Thursday, January 11, 2018

Chloe's Top 10 of 2017

Year two of fifty books and blogging is in the books, and while I didn't quite blog everything I read, I came close (I omitted a handful of YA novels that I now kind of wish I'd done, but I waited too long and couldn't come up with anything good to say). I met my goal of more women (37/50!) and a few more authors of color (I can definitely afford some growth here). As I get older and farther away from school, I notice that nonfiction appeals more and more. Reading is still a luxury and an escape, but it also has become basically my primary source of information. Moving from New Yorker articles to full-blown books was a big jump, but it's one I've enjoyed. More nonfiction in 2018, perhaps! I continue to find that writing about reading is a fabulous way to process and remember what I read; I've loved being able to refer back to two years' worth of reviews when recommending books to friends. Here (in no particular order) are some of my favorites from this year:

  • A Kind of Freedom by Margaret Wilkerson Sexton: Okay, I said in no particular order, but this was the best book I read this year. The characters were fabulous, it was beautifully paced, and it made me think and cry and laugh. Everyone should read this book. 
  • Homegoing by Yaa Gyasi: Multigeneration spanning novels often feel awkwardly paced, but this one (and Wilkerson Sexton's for that matter) was artfully done. Her prose is so powerful and her ability to interweave storylines incredible.
  • A Field Guide to Getting Lost and Men Explain to Me by Rebecca Solnit: I've always loved essays as a genre, but I've never been big on collections of essays (at least read in one go). Both of these books blew me away. Solnit can expound on a theme better than anyone I know and her phrasing is so gorgeous that her extreme whiteness can be forgiven. 
  • Only The Little Bone by David Huddle: This wasn't so much a novel as a loosely held together collection of vignettes, but it was hauntingly beautiful. I've picked it up a few times since reading it just to re-read the last few pages. 
  • The One Hundred Nights of Hero by Isabel Greenberg: This is the only graphic novel I read this year (surprising for me!), but it was really fantastic. Feminist fables deserve more airtime, and Greenberg has spun a handful of really beautiful ones here. As is often the case with really good graphic novels (and regular novels too, I guess...), she walks the line between tragic and comic really well, and her drawings are whimsical and pulled the whole thing together.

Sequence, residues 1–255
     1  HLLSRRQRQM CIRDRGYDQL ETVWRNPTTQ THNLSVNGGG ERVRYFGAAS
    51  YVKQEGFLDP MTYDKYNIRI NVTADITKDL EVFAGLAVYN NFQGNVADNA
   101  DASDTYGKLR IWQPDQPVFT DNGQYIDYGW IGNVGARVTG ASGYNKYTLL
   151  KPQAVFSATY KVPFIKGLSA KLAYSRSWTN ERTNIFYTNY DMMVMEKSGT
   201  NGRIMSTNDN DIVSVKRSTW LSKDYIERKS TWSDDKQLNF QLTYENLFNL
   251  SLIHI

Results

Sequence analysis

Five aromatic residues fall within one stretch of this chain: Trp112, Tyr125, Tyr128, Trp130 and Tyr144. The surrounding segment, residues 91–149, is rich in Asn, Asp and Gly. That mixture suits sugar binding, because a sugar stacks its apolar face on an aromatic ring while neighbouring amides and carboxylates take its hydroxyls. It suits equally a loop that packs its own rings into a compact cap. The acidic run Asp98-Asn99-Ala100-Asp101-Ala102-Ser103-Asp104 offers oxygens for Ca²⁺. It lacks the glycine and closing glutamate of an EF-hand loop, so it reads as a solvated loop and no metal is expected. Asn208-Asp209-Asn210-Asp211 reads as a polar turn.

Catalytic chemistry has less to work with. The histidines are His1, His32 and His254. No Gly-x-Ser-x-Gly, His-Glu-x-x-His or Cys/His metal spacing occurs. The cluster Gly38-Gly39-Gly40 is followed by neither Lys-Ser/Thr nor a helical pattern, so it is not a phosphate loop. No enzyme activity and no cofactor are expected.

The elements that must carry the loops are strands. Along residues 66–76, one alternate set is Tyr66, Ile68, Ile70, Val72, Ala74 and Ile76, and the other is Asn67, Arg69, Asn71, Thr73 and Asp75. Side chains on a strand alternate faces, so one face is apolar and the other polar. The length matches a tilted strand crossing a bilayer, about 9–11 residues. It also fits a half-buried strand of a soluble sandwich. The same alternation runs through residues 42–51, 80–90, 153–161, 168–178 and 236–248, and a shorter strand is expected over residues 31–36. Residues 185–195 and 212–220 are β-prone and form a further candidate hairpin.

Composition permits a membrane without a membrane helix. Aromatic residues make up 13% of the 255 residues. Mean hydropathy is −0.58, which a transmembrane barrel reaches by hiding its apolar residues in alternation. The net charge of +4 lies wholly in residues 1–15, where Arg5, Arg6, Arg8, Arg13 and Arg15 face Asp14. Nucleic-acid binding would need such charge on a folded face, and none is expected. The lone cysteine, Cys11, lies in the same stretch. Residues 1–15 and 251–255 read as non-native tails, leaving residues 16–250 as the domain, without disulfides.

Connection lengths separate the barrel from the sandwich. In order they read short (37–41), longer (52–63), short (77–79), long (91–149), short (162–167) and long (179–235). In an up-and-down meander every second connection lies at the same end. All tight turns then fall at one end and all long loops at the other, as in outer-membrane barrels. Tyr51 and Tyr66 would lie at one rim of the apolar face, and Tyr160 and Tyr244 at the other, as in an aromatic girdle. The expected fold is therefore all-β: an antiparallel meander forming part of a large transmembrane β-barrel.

• The English Patient by Michael Ondaatje: This was a re-read, but I had almost forgotten how beautiful Ondaatje's prose is. I lost myself in this book more than any other I read this year, and it made me want to read more of him.
  • Shrill by Lindy West: God, this woman is funny. I laughed out loud in public several times reading this, but I also actually literally cried at least three times. I made my husband read it, and I tried to make my dad read it (probably a mistake). This would be have been poignant and relevant a few years ago, but in the era of Trump and Weinstein it felt especially important.
  • The Brothers Vonnegut by Ginger Strand: This wasn't particularly earth-shattering or mind blowing, but it was a really well-written, engaging piece of non-fiction. I tend to like my non-ficiton sciencey, and this struck just the right balance of science, social history, and biography. 
  • Men We Reaped by Jesmyn Ward: Ward writes gorgeous, heart-wrenching fiction, so it's no surprise that her memoir followed suit. This was a tough read, but an important one. 
Honorable Mention:
  • Expecting Better by Emily Oster: This was probably the most helpful book I read this year. It was rational and calming and was basically my bible throughout my pregnancy. 
  • The Handmaid's Tale by Margaret Atwood: This is one of my top ten favorite books of all time, so it seems like cheating to leave it off the list, but it also was not a new discovery (or re-discovery), so I kept it down here. 
2018 is going to bring with it a new addition to the Pinkerton household whose demands may make reading (or at least writing about reading) hard, but I'm going to naively aim for fifty again and see what happens.

I'm extra grateful to my book club who brought me three of these favorites and provides me with badass lady thoughts and insights on a monthly basis. 

Also...shout out to my sister who gifted me 2/10 of my favorites this year, and who is 1/3 people who actually read my blog posts!


Christopher said...


Brent Waggoner said...

This is a great list. I'm going to check a few of these out.

Brent Waggoner said...

Also, having kids will definitely impact your reading time. I highly recommend a Kindle with a backlight so you can read during long hours sitting in the dark.

Source: I have 3 kids